Google draws fire over data sharing on app store


SAN FRANCISCO — When someone buys Sebastian Holst’s Mobile Yogi app in the Google Play store, Holst automatically gets something he says he didn’t ask for: that person’s name, location and email address.

No other app store transmits users’ personal information to third parties when they buy digital goods, he said. And he and other mobile app developers say many people are unaware that their personal details are being shared.

“Google is not taking reasonable steps to ensure that this data is used correctly,” said Holst, whose apps have 120,000 users.


Google is coming under fire just as regulators in the U.S. and overseas are stepping up their scrutiny of how all the players in the industry — mobile app developers, stores, advertising networks and others — handle consumers’ private information. Regulators are pushing for greater transparency of what information is collected by apps and how it’s shared.

Google defends its app store’s operation, saying it’s set up differently from other stores’ to let customers interact directly with the app makers.

With Google Play, which launched in October 2008, an app developer sets up an account through the mobile payment system Google Wallet, which makes the developer a merchant in the store. When someone buys his or her app from Google Play, that transaction — and the customer’s information — is sent to the developer.

The app developer has to comply with rules about what he or she can do with the information, Google says. Google sees itself more as an intermediary, whereas when consumers buy apps from Apple Inc., iTunes is the merchant, and app developers say they never receive customer information.

“Google Wallet shares the information necessary to process a transaction, which is clearly spelled out in the Google Wallet privacy notice,” Google said.

Barry Schwartz, news editor of the Search Engine Land blog and an app developer, said Google’s system works better for developers and for customers.


“They are my customers, not Google’s and not Apple’s customers. They download our products. They call the developer with questions. We provide them the tools and the content,” Schwartz wrote in a blog post. “Apple doesn’t tell us who our customers are, and when we need that information to verify ownership or to give refunds, we are left with blindfolds on. Google, in my opinion, does it right by making the user who downloads the app our customer.”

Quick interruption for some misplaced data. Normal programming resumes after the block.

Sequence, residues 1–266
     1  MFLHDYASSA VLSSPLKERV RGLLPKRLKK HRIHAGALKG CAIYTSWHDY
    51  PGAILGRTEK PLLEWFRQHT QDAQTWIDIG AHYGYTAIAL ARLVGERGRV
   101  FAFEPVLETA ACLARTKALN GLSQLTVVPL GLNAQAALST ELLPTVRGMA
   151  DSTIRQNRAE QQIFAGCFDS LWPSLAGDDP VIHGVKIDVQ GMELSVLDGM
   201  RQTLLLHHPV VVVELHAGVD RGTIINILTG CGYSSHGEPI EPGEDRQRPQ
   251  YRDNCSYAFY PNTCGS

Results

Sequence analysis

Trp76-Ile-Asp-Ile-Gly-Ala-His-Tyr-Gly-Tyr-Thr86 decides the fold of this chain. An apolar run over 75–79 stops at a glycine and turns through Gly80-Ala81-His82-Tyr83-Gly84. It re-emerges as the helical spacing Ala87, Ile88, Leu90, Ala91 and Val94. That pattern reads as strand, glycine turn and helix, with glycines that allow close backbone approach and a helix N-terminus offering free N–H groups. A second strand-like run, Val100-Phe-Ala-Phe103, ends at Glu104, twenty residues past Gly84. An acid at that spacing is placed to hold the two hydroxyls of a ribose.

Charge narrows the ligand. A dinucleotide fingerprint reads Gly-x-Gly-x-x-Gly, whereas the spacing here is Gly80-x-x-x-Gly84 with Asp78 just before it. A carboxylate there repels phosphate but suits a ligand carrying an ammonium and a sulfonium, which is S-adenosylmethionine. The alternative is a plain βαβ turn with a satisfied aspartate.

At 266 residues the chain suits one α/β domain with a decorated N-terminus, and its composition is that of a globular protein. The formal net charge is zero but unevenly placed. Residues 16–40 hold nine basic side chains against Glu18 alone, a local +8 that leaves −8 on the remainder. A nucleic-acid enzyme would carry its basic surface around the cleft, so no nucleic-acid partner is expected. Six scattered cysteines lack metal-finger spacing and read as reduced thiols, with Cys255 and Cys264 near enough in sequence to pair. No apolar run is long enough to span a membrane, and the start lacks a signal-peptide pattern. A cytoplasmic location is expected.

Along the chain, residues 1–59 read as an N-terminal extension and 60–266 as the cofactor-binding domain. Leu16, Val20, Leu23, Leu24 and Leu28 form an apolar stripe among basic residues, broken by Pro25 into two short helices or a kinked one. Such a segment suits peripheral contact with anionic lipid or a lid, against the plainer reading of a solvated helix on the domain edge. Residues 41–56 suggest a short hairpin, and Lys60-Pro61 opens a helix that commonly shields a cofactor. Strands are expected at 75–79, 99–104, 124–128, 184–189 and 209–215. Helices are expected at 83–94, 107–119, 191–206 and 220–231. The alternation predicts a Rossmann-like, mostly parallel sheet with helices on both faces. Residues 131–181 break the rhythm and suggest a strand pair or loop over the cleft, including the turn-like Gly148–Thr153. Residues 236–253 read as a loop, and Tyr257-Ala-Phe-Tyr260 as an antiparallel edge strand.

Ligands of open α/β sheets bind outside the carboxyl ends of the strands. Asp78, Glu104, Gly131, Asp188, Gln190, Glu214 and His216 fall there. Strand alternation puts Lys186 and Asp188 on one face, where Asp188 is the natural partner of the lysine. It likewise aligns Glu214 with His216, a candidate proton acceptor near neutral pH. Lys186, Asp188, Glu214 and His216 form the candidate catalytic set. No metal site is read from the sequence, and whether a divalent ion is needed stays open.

But Danny Sullivan, founding editor of Search Engine Land, said Google should make it clearer to consumers that their information is being shared with third-party developers.

“I sure had no idea that Google Play did this,” Sullivan said.

Nor did Dan Nolan, an Australian app developer. He said he was astonished when he found out that Google was sending him users’ personal information. He wrote a blog post Wednesday condemning the practice.

“Under no circumstances should I be able to get the information of the people who are buying my apps unless they opt into it and it’s made crystal clear to them that I’m getting this information,” Nolan said.

App stores have become the engines of the mobile economy. Apple kicked off the mobile app boom in 2008, but Google is catching up. As of October, Google Play had the same number of apps — 700,000 — as Apple, although Apple’s app sales still generate several times the revenue of Google’s.

Google is trying to gain an advantage by making it easier for developers to build apps and easier for users to buy them. Apps help fuel the growing popularity of cellphones that run Google’s Android software.

But privacy watchdogs say Google is not playing fair with Google Play customers by not making it clear who has access to their personal information.

In a 2011 settlement with the Federal Trade Commission, Google agreed it would ask users before sharing their data with outsiders after the government alleged the company had violated users’ privacy with its social network Buzz. The settlement also required the search giant to submit to independent privacy audits every two years for 20 years. Last year Google had to pay $22.5 million to settle charges for bypassing the privacy settings of millions of Apple users. It was the largest penalty ever levied on a company by the FTC.

Google denied that Google Play’s handling of personal information violated its agreement with the FTC.

“This is not a violation of the consent decree,” it said in a statement.

A commission spokeswoman declined to comment.

Google is not the only company that has drawn criticism for how it shared information with app developers. In 2011, Facebook Inc. agreed to a 20-year privacy settlement with the FTC that required the company to get users’ permission before changing the way it treats personal information. The FTC alleged that Facebook engaged in deceptive behavior when it promised that third-party apps would have access only to user information they needed, when in fact many apps had unrestricted access to users’ personal data.

“The question is: What constitutes meaningful consent?” said Marc Rotenberg, executive director of the Electronic Privacy Information Center. “The bottom line is that users are not able to control how their data is being gathered and disclosed.”